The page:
These questions are complex and predictably fraught. But several recurring themes persist. As England’s first queen regnant, Mary faced the same challenge experienced by female rulers across the continent—namely, her councillors’ and subjects’ lack of faith in women’s ability to govern, a dilemma best summarized by contemporary Mary of Hungary: “A woman is never feared or respected as a man is, whatever is his rank. … All she can do is shoulder the responsibility for the mistakes committed by others.
Historian Lucy Wooding says descriptions of Mary tend to have misogynistic undertones. “She’s simultaneously being lambasted for being vindictive and fierce” and “spineless and weak,” criticized for such actions as showing clemency to political prisoners and yielding authority to her husband, Philip II of Spain. Most experts agree that the Spanish marriage had an adverse effect on Mary’s reputation, painting her, however unfairly, as an infatuated, weak-willed woman who placed earthly love ahead of the welfare of her country.
While Mary’s gender played a pivotal role in the formation of her image—especially during her own lifetime, according to Porter—arguably the most important factor in the “Bloody Mary” moniker’s staying power was the rise of a national identity built on the rejection of Catholicism. A 1563 book by John Foxe known popularly as Foxe’s Book of Martyrs played a pivotal role in the creation of this Protestant identity, detailing the torments suffered by men and women burned at the stake under Mary through word-of-mouth accounts and visceral woodcut illustrations. (The accuracy of Foxe’s manuscript remains a point of contention among historians.) The book was enormously popular during the Elizabethan era, with copies even placed in local churches alongside the Bible.
“Foxe’s account would shape the popular narrative of Mary’s reign for the next 450 years,” writes Anna Whitelock in her biography of the Tudor queen. “Generations of schoolchildren would grow up knowing the first queen of England only as ‘Bloody Mary,’ a Catholic tyrant.”
Porter argues that Mary’s burnings might have become a “mere footnote to history” if not for the intervention of John Foxe; historian O.T. Hargrave, meanwhile, describes the persecution as “unprecedented” and suggests it “succeeded only in alienating much of the country.” Either way, after taking the throne, Elizabeth took care not to replicate her sister’s religious policies. Writing in Mary Tudor, Judith Richards observes, “It may have helped protect Elizabeth’s reputation that many [executed] … were hanged as seditious traitors for seeking to restore Catholicism rather than burned as heretics.”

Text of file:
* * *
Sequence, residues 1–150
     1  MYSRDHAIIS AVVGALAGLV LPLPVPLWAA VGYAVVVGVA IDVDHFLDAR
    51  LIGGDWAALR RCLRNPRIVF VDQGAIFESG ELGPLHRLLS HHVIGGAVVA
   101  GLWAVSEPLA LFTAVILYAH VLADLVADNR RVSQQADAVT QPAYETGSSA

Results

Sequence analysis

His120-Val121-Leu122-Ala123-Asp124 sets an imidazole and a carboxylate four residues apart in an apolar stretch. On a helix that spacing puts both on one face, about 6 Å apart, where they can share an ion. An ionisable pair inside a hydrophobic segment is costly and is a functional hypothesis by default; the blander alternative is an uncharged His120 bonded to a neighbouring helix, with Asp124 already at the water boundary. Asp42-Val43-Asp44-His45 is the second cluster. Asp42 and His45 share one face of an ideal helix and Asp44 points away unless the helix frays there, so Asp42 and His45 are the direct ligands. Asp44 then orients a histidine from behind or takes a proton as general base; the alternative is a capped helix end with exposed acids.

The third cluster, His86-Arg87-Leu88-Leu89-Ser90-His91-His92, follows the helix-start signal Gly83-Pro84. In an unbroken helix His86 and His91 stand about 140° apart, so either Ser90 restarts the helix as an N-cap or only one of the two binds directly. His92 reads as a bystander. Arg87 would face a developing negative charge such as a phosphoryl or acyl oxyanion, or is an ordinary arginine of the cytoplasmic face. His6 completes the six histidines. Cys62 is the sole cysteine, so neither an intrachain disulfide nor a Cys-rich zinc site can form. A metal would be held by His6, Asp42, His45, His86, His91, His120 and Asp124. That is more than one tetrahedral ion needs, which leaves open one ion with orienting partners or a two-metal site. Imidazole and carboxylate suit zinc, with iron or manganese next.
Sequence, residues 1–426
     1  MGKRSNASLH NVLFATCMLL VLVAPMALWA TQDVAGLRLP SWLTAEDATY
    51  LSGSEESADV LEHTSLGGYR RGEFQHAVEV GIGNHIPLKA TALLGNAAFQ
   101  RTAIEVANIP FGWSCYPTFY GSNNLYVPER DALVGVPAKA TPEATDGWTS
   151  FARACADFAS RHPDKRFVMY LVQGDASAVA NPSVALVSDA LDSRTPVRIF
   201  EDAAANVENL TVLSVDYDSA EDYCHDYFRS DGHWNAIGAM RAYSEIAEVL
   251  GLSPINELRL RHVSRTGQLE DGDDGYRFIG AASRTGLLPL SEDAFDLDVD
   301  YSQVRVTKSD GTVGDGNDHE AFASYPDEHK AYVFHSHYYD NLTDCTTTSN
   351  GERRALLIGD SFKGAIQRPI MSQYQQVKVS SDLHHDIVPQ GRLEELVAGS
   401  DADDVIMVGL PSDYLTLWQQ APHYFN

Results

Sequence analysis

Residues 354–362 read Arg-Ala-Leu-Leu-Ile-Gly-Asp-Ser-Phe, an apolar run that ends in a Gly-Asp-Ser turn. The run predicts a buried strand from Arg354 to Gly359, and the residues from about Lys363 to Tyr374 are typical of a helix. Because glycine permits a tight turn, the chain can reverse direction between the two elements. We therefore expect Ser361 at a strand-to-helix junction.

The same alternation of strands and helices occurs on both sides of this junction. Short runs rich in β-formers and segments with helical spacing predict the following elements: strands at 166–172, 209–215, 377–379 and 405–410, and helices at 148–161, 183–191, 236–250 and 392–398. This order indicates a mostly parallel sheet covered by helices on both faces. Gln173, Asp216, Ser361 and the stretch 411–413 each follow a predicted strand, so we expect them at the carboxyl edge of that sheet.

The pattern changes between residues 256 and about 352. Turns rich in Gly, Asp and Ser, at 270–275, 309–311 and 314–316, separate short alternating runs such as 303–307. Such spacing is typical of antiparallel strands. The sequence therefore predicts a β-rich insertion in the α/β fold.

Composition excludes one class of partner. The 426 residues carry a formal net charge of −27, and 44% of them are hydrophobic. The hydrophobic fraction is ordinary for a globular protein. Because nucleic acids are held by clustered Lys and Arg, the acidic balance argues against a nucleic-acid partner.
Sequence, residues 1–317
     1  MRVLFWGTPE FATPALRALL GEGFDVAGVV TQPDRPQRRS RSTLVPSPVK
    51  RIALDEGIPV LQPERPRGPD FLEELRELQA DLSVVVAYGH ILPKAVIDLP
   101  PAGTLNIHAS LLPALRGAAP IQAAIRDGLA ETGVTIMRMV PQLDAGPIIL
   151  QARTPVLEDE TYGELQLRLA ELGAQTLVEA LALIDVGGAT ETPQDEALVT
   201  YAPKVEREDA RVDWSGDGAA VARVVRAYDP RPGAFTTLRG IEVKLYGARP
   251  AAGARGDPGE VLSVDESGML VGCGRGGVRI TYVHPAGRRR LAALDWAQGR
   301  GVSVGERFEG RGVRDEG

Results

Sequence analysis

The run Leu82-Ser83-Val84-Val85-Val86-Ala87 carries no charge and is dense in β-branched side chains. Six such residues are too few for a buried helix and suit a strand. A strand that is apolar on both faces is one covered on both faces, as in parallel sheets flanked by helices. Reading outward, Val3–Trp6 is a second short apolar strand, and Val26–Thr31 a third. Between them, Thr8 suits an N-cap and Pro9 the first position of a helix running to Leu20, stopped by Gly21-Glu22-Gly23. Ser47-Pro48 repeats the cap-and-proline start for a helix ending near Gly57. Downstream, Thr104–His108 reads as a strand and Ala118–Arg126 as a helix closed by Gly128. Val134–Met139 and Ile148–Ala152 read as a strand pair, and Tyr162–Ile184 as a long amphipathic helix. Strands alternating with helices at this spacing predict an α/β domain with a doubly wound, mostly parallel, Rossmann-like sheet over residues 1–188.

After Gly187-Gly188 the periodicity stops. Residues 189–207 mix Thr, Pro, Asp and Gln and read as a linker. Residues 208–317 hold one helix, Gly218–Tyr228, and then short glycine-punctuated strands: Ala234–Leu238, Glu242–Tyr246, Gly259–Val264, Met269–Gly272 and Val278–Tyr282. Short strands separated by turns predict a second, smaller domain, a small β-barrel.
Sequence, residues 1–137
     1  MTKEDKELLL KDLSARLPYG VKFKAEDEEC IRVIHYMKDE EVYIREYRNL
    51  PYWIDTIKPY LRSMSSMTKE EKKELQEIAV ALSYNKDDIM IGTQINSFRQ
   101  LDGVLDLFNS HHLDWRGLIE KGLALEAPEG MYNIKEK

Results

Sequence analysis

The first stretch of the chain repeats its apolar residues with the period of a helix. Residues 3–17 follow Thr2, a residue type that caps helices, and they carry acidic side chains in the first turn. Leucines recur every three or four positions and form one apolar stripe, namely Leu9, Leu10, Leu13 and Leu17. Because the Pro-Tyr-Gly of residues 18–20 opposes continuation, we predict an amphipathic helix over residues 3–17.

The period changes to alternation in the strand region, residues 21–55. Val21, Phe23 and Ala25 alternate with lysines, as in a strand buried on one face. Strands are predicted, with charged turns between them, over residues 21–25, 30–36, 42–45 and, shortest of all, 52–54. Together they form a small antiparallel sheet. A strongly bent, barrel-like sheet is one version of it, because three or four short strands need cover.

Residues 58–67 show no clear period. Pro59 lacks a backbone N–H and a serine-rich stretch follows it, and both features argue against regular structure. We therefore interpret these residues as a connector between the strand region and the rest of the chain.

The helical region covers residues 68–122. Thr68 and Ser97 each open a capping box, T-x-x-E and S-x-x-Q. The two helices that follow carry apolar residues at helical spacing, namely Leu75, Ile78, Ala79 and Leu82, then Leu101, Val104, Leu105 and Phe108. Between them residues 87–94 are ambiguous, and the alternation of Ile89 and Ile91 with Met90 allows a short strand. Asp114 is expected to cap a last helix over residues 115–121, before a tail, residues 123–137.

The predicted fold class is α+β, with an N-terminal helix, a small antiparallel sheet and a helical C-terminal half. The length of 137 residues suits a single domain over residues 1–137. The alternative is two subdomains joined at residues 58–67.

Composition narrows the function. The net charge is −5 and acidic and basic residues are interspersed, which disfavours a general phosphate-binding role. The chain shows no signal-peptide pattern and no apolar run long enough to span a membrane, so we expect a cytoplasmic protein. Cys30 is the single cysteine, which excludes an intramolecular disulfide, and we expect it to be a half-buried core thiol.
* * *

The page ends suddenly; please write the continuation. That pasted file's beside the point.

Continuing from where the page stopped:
To put it bluntly, says Porter, “Mary burned Protestants, [and] Elizabeth disemboweled Catholics. It’s not pretty either way.”
The myth of “Bloody Mary” is one mired in misconception. England’s first queen regnant was not a vindictive, violent woman, nor a pathetic, lovestruck wife who would have been better off as a nun. She was stubborn, inflexible and undoubtedly flawed, but she was also the product of her time, as incomprehensible to modern minds as our world would be to hers. She paved the way for her sister’s reign, setting precedents Elizabeth never acknowledged stemmed from her predecessor, and accomplished much in such arenas as fiscal policy, religious education and the arts.
If she had lived longer, says Gristwood, Mary might have been able to institute the religious reforms she so strongly believed in, from a renewed emphasis on preaching, education and charity to a full reunion with Rome. But because Mary died just five years after her accession, Elizabeth inherited the throne and set England on a Protestant path. Over the centuries, most significantly in the aftermath of the Glorious Revolution of 1688, Protestantism became a core component of British identity.
Mary’s reputation, says Wooding, was “very painstakingly constructed after her death [and] had extraordinary longevity because of the fundamental place that Protestant identity came to take in British identity.” Her enduring unpopularity, then, reflects a failure to properly contextualize her reign: Writes historian Thomas S. Freeman, “Mary has continually been judged by the standards of the eighteenth, nineteenth and twentieth centuries, and not surprisingly, has been found wanting.”
For all her faults, and regardless of whether one falls into the competing camps of rehabilitation or vilification, Mary—the first to prove women could rule England with the same authority as men—holds a singular place in British history.
“She was an intelligent, politically adept, and resolute monarch who proved to be very much her own woman,” argues Whitelock. “Mary was the Tudor trailblazer, a political pioneer whose reign redefined the English monarchy.”
As the Bishop of Winchester observed during Mary’s December 1558 funeral sermon, “She was a King’s daughter, she was a King’s sister, she was a King’s wife. She was a Queen, and by the same title a King also.”
Meilan Solly is Smithsonian magazine's assistant digital editor